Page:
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hell hath no fury like a (certain type of person) scorned
No one will have a greater wrath or vengeance than (this type of person) when they have been wronged. A hyperbolic and often humorous play on the phrase "Hell hath no fury like a woman scorned," in which any person, demographic, or profession may be substituted for "woman." The university might think nothing of hiking up the cost of tuition, but we'll show them that Hell hath no fury like a broke college student scorned! The governor, after veering away from his party's core ideologies, is now discovering that Hell hath no fury like politicians scorned.
hell hath no fury like a woman scorned
No one will have a greater wrath or vengeance than a woman when she has been wronged. Most men find out the hard way that hell hath no fury like a woman scorned.
what hath God wrought
"What has God done"; usually used to express one's awe. The phrase originated in the Bible and, in 1844, Samuel Morse sent it as the first telegram. Every time I look at my infant daughter, all I can do is marvel—what hath God wrought.
He that hath a full purse never wanted a friend.
Prov. A rich person always has plenty of friends. Jill: Ever since Joe won the lottery, he's been getting congratulations from friends and relatives he hasn't heard from in years. Jane: You know how it is. He that hath a full purse never wanted a friend.
Hell hath no fury like a woman scorned.
Prov. There is nothing as unpleasant as a woman who has been offended or whose love has not been returned. When Mary Ann discovered that George was not in love with her, George discovered that hell hath no fury like a woman scorned. Bill: I'm getting tired of going out with Mary; I think I'll tell her we're through. Fred: Be careful. Hell hath no fury like a woman scorned, you know.
hell has no fury like a woman scorned
No anger is worse than that of a jilted woman. For example, Nancy has nothing good to say about Tom-hell has no fury, you know. This term is a shortening of William Congreve's lines, "Heav'n has no rage, like love to hatred turn'd, nor Hell a fury like a woman scorn'd" ( The Mourning Bride, 1697). Similar lines appear in several plays of the same period. Today the proverb is often shortened even more, as in the example.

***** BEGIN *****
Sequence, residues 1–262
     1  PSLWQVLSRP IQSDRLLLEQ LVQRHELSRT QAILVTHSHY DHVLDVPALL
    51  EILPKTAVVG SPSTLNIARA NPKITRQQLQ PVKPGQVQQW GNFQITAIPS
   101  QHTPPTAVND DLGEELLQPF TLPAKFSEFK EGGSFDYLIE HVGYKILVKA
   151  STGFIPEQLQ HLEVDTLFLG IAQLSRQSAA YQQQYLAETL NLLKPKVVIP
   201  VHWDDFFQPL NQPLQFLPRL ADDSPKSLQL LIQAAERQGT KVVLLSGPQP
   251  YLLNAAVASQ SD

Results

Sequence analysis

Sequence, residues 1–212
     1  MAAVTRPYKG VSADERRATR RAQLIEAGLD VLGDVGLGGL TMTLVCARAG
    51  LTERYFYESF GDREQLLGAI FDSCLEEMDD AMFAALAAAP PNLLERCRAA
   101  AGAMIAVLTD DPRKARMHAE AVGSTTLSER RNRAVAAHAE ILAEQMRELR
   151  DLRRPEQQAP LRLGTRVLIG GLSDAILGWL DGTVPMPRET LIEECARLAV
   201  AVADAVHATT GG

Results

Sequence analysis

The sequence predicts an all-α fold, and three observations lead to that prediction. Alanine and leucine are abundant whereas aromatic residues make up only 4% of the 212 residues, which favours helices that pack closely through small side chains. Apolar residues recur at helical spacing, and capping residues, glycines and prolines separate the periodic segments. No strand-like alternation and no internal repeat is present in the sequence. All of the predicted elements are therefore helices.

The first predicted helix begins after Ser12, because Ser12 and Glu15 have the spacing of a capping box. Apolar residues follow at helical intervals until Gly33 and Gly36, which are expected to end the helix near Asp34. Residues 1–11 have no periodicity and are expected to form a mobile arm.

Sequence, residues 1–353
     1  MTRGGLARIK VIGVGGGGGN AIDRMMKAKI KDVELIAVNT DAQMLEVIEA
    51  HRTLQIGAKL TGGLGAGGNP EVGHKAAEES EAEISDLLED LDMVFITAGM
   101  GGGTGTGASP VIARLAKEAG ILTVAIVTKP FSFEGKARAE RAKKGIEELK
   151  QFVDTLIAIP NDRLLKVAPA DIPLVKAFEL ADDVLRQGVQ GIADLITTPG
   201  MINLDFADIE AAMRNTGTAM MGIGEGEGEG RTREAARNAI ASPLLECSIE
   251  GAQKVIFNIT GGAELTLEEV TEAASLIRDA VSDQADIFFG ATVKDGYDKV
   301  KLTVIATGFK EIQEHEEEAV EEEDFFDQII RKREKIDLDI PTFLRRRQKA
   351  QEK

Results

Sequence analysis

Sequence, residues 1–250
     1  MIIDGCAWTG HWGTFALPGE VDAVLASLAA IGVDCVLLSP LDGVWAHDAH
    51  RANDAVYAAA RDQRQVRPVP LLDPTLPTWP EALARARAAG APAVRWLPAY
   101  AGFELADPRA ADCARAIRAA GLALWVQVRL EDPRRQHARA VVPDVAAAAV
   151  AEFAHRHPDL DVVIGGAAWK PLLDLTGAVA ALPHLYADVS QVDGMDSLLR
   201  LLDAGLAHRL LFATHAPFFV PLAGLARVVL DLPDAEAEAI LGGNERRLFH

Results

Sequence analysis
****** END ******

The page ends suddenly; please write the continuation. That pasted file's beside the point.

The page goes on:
hell hath no fury like a woman scornedmainly BRITISH
People say hell hath no fury like a woman scorned to suggest that women often react very angrily to things that upset them. Benjamin's attention shifts from Mrs Robinson to her daughter Elaine and hell hath no fury like an older woman scorned. Note: Journalists often use other words in this expression to make it appropriate to the subject which they are writing about. The golfer, having decided not to attend next week's International Open competition, has discovered that hell hath no fury like a sponsor spurned. Note: This expression is often used to refer to cases where a woman has an unfaithful partner and takes revenge. Note: This comes from William Congreve's `The Mourning Bride' (1697): `Heav'n has no rage, like love to hatred turn'd, Nor Hell a fury, like a woman scorn'd.'
hell hath no fury like a woman scorneda woman who has been rejected by a man can be ferociously angry and vindictive. proverb
hell hath no ˈfury (like a woman ˈscorned)(British English, saying) used to refer to somebody, usually a woman, who has reacted very angrily to something, especially the fact that her husband or lover has been unfaithful (= has had a sexual relationship with another woman): He should have known better than to leave her for that young girl. Hell hath no fury like a woman scorned.
Hath is an old form of has.
greater love hath no man
A supreme sacrifice; the ultimate demonstration of friendship or goodwill. The term comes from the Bible: “Greater love hath no man than this, that a man lay down his life for his friends” (John 15:13). Detective-story aficionado Anthony Boucher (The Case of the Seven Sneezes, 1942) made an amusing play on it: “Greater love hath no man than this, that he should lay down his checkbook for his life.”
hell has no fury like a woman scorned
Beware the anger of a woman rejected in love. The term is an adaptation of the closing lines from William Congreve’s play The Mourning Bride (1697): “Heav’n has no rage, like love to hatred turn’d, nor Hell a fury like a woman scorn’d.” Neither the idea nor the expression was original. At least three seventeenth-century plays had similar lines, including Colley Cibber’s “No fiend in hell can match the fury of a disappointed woman—scorned, slighted” (Love’s Last Shift, 1696), and the idea had been expressed by the Roman writers Propertius and Juvenal, by Chaucer, and by numerous others.